Have you found that your previously successful sales model is not working? Are you experiencing dramatic changes in how your customers buy today? Is it difficult to motivate your sales people to keep making those connections? Has sales changed?
In working with sales organization of all sizes and industries, selling services and products --- the answer is a resounding, YES, sales has changed. Sure, there are fundamentals that will remain timeless.
To stay stuck in your old models is the definition of insanity “doing the same thing and expecting a different result”. The answer to this question is one of the biggest challenges (and opportunities) facing leaders today. So, let’s unwrap 3 key elements that have changed:
Relationship selling is no longer enough – clients are looking for insights, ideas and innovations to drive their business!
In the past, the strongest relationships could create long-term sustainable revenues. Today, customers rely on their own research and education to build their objectives and therefore, are looking for true expertise from a sales professional. When you can make them say “wow, I hadn’t thought of that before”, then you have gained credibility with them and the opportunity to present your solution.
You must meet the buyer where they are in the process…not where YOU are!
The traditional pressures of “what have you sold today” drive organizations and sales professionals to devalue what they bring to the table. The focus is always on the close, the sales cycle and what’s in it for the business/individual sales person. This isn’t how the buyer makes their decisions though. This is a complete shift in looking at a customer centered sales approach to drive your process.
Interruptive sales and marketing techniques don’t work – they annoy your potential buyer!
People are overwhelmed with the amount of communication that comes their way today. How can they effectively sort through all of the messages coming at them to realize the potential opportunities that will impact their business? When you interrupt people, it annoys them. It annoys you when you are interrupted so why do we continue to focus on these old-style sales and marketing tactics? It’s time to connect and build community instead so that your prospects and customers value what you bring to them
For those organizations and sales professionals that embrace the reality that how people buy today has changed and look for ways to align with this new reality, incredible success will be achieved.
In a business world focused on driving revenue, increasing dollar spend per client, and upselling…I find “Customer Laurie” feeling like a checklist for customer service people. Creating a connection and being treated like a unique individual have been lost in the sea of building consistent approaches instead. Don’t get me wrong, I’m the first to support the necessity of processes in order to drive efficiencies and effectiveness but couldn’t we find a way to do that and treat our customers like they really matter to us?
With an admitted challenge in enjoying a diet coke in my daily routine and being on the road quite often, I will find myself going through a popular drive through to get my favourite drink. I don’t order anything else and yet am consistently asked if I would like “fries” with that. Wouldn’t it make sense that I would order food first? If you thought of buying habits, and weren’t given a script to follow, what might you ask me instead?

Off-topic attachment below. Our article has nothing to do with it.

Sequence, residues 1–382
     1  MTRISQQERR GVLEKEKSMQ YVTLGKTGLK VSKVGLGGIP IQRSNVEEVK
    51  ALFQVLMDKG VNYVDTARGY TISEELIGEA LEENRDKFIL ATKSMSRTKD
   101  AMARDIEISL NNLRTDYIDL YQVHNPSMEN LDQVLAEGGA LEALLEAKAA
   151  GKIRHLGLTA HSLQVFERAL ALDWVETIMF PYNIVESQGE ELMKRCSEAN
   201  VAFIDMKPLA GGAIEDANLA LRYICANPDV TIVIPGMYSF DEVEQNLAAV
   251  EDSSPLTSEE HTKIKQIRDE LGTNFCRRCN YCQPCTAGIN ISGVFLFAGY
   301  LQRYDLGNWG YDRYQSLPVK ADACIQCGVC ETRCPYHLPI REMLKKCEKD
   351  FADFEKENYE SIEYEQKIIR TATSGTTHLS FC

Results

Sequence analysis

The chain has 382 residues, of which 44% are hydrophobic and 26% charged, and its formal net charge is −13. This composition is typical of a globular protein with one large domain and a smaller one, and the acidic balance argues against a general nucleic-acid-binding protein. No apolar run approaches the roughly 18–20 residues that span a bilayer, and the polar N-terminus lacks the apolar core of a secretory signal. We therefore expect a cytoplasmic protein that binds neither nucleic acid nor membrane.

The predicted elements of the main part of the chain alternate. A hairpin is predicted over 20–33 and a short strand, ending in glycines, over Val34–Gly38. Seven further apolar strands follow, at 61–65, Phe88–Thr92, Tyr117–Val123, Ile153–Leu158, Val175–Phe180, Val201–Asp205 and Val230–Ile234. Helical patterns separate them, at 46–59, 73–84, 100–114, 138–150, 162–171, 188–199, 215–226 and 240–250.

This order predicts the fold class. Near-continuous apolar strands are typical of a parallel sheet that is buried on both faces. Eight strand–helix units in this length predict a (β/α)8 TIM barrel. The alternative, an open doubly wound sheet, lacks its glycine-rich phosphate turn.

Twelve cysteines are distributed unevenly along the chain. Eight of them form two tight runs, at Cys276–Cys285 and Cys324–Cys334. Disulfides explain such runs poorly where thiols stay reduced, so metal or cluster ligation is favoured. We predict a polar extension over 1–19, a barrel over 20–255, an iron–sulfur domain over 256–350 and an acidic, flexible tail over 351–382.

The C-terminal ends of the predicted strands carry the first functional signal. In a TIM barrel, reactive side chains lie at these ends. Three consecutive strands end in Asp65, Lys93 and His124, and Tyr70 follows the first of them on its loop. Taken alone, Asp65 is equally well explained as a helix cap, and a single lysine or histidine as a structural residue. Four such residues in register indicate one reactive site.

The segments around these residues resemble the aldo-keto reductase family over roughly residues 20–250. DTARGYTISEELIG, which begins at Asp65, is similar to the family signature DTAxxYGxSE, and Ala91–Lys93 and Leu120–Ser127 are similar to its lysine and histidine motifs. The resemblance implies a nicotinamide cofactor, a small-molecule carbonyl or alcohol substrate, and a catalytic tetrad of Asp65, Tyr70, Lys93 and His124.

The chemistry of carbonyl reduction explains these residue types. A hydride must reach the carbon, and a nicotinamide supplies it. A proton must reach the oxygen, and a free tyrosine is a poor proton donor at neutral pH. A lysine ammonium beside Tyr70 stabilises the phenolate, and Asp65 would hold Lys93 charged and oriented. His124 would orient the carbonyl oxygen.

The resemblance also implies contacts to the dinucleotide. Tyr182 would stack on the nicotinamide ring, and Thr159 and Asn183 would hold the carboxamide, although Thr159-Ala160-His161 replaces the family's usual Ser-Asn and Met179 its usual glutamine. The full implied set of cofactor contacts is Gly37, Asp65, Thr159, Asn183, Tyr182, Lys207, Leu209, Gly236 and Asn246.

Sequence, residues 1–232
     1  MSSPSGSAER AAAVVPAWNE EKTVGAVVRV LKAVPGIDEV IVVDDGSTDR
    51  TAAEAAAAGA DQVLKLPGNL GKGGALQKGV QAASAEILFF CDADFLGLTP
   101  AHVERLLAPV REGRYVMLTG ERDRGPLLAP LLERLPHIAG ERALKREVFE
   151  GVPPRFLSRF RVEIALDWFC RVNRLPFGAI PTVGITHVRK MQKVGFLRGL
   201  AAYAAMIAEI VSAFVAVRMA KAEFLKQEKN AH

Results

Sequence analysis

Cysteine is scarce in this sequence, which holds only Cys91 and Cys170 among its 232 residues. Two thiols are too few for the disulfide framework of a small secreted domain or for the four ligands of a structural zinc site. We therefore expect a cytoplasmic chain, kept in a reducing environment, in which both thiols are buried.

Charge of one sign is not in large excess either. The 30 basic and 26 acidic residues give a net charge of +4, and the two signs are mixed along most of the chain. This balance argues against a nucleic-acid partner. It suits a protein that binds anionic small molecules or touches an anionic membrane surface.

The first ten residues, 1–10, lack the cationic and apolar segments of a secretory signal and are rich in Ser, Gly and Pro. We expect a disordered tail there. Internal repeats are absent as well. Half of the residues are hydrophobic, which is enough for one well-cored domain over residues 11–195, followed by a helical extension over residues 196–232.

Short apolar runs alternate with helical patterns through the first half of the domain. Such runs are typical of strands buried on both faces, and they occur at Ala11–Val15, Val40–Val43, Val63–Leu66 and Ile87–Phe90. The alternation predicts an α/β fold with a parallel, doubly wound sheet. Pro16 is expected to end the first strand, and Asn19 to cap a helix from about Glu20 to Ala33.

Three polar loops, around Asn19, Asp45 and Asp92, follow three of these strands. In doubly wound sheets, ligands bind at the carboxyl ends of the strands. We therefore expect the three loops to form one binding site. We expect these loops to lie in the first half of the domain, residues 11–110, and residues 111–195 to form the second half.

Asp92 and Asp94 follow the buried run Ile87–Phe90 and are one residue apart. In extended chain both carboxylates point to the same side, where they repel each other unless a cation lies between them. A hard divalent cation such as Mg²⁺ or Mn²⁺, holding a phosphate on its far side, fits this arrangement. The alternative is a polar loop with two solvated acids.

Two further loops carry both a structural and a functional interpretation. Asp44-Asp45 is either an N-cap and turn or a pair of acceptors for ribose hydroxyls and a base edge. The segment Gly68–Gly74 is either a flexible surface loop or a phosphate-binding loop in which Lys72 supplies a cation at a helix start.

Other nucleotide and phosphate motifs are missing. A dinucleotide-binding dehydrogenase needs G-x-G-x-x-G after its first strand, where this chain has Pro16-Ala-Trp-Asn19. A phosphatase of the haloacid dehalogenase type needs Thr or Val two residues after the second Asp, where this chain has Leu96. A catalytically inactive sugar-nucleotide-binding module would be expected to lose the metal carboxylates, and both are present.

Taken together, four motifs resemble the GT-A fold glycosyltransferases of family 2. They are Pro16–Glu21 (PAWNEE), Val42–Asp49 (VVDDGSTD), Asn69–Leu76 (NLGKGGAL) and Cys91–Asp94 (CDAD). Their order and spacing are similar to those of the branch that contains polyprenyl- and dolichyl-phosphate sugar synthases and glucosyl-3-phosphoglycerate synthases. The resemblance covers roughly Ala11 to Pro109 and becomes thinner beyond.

It’s time to get back to the foundational ways that people connect with each other:
Truly Listen to the Customer and adjust your conversation to what they are saying. Yes, you have to ensure that you have timeliness and business opportunity top of mind…when you listen you actually have the opportunity to really help your customer buy something else versus being turned off by your approach. What if you said something instead like…we have incredible warm blueberry pies that would go great with that drink today, are you interested? Still simple and yet, more effective!!!
Ask Relevant Questions to the situation so that you can connect with your customer personally. Connect with the customer’s needs by asking questions versus trying to tell/sell on your ideas. Human nature is to want to share your thoughts and yet the person asking the questions is actually the one that is truly in control of the conversation and therefore the outcomes.
Create Processes that Allow for Human Flexibility. Training and development are so important and creating processes that drive your business effectiveness and a huge part of what you develop your people on. The potential risk is that there is no freedom for being authentic and connecting with your customers. Ensure that you teach people how to be real and think through every interaction they have experience.
My daughter had recently been hunting for a new winter jacket. She is 15 years old so this isn't necessarily the easiest of tasks to accomplish! She found one that she absolutely LOVED though...just not in the right size! We tried all the stores in the city and they had the size bigger and smaller than she needed, just not the perfect size. After visiting 4 stores, we were told by a helpful young sales associate that we could order the size she was looking for on their website and it would be delivered to our home directly...and we could return it to the store if it didn't fit. That sounded fantastic (although not sure why it took 4 stores before someone shared that HUGE BENEFIT with us?)
We went home and promptly ordered her perfect jacket and it was delivered within 2 days. We were shocked and delighted with the service. This created a WOW for us both - sad news was that it didn't quite fit right either. So, this wasn't meant to be her jacket (and yes, we're still on the hunt). Remember the other piece of great news about using their website though - I could return it to the store around the corner from my home. So, I did just that.